KC&rsquo;s articles have appeared in Popular Mechanics, and have been featured on DIY guru Bob Vila&rsquo;s website. KC has written in-depth DIY articles for Sears.com and Overstock.com, as well as dozens of other websites. KC combines research and hands-on practice to provide useful tips and techniques for all sorts of DIY projects so that anyone can find ways to improve their own home and get the living space they want. KC works on her home every single day to learn new cleaning hacks, find DIY new projects, and discover new techniques to share with readers.
When she&rsquo;s not writing or DIYing, KC enjoys watching college basketball, playing with her cats, and experimenting with new cupcake recipes.
H.R. Helm is an accomplished DIY craftsman. He has been DIY since childhood and is now a septuagenarian. He is experienced in wood and metal construction, having designed and built several houses and metal buildings. He built every permanent building on his current homestead and did all the plumbing and electrical work.
He has several years experience as a professional cabinet builder, and he is an accomplished auto repairman, having operated an auto repair business for many years. He currently has a home shop where he sharpens and rebuilds saws, repairs lawn mowers, mobility scooters, hydraulic jacks, and anything else that comes along. He also builds custom tools for metal working.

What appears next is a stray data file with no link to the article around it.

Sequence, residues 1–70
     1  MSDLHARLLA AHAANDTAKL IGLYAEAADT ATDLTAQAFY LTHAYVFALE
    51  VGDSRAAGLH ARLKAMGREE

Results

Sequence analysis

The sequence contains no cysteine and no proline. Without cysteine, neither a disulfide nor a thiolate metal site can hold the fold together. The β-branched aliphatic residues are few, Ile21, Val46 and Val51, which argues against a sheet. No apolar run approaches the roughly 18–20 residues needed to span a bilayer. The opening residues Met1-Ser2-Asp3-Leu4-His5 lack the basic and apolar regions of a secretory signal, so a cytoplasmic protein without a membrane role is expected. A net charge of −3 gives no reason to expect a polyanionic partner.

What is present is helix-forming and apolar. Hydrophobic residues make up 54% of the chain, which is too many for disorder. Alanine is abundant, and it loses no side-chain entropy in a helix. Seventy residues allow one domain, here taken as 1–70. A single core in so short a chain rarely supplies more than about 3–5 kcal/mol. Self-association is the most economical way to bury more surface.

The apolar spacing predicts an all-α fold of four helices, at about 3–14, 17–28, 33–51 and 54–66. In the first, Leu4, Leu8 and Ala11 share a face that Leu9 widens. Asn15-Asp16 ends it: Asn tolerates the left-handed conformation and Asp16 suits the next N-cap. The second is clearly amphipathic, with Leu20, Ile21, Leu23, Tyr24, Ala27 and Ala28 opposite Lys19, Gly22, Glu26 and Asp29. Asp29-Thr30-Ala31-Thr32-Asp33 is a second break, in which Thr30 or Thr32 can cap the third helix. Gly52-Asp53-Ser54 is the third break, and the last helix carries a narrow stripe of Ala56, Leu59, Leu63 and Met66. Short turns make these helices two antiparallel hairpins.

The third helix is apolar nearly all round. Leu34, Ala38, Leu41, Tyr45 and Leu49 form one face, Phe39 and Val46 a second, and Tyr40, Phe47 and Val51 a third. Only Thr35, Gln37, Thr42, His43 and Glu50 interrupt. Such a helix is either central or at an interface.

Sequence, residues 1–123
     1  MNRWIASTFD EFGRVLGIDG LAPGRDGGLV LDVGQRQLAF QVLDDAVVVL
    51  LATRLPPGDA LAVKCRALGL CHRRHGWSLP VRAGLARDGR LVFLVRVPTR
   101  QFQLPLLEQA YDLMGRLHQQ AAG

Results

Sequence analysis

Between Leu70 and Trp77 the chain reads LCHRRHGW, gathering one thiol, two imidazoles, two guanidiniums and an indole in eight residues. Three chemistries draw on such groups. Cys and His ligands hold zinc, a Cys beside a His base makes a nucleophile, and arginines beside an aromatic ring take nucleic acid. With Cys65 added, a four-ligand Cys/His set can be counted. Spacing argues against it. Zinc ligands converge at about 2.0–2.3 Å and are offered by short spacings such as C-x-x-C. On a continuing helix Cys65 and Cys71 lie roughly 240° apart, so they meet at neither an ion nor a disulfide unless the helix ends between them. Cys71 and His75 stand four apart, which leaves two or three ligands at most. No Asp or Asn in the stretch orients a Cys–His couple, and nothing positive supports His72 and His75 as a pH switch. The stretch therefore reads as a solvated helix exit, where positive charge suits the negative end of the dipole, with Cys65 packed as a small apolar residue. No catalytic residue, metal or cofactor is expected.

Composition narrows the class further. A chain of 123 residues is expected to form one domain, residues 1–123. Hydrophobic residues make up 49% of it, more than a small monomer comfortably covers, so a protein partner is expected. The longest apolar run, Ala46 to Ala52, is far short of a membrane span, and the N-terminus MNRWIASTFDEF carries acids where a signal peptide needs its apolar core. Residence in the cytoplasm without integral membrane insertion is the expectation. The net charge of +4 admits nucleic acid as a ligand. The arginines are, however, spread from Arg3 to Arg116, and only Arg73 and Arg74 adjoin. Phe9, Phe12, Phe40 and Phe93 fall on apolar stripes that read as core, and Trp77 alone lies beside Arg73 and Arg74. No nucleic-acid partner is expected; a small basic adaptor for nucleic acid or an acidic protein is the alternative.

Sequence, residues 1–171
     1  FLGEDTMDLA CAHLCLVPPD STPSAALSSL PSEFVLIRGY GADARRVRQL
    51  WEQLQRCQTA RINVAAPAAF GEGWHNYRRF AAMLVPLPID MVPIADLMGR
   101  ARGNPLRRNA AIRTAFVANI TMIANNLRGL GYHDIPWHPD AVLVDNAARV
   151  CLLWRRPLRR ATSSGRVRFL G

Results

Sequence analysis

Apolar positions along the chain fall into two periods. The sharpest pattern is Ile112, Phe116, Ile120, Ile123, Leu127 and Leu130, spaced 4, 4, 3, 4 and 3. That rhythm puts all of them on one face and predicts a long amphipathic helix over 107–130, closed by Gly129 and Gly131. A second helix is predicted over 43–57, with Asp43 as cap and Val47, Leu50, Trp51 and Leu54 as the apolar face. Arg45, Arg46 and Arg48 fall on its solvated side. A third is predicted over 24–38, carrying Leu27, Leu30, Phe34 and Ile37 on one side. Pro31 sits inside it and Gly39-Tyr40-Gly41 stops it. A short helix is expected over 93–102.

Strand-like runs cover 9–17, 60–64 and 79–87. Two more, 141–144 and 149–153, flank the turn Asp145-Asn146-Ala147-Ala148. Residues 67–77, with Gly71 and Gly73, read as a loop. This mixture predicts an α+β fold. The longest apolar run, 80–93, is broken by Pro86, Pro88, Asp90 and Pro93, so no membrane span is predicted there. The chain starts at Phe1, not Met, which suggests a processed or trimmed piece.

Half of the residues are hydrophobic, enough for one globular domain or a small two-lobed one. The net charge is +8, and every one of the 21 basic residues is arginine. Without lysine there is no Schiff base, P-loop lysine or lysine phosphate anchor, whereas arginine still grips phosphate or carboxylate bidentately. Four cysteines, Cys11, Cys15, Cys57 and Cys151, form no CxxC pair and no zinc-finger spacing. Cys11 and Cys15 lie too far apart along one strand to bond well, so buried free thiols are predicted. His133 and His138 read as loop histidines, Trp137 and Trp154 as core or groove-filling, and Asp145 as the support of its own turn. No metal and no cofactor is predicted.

Invention prototypes are another of his many accomplishments. He owned and operated a manufacturing business building Compact Utility Vehicles for homeowner use. H.R. enjoys making jams and jellies during fruit season along with cooking meals. He is committed to outdoor cooking in a Bar-B-Q pit he welded together several years ago. He maintains fruit and nut trees along with helping his wife with a vegetable garden. He farmed commercial garden produce for several years. It helps to have over 50 years of farming and ranching experience.
ASE Certified Master Auto Technician
Cross country truck driver -- over dimensional freight
Design Engineer/Project Manager for injection molded plastic company
Bus Driver/Substitute Teacher
Inventor with two patents (weight training &ndash; anti-rollback for manual wheelchair)
BS in Industrial Technology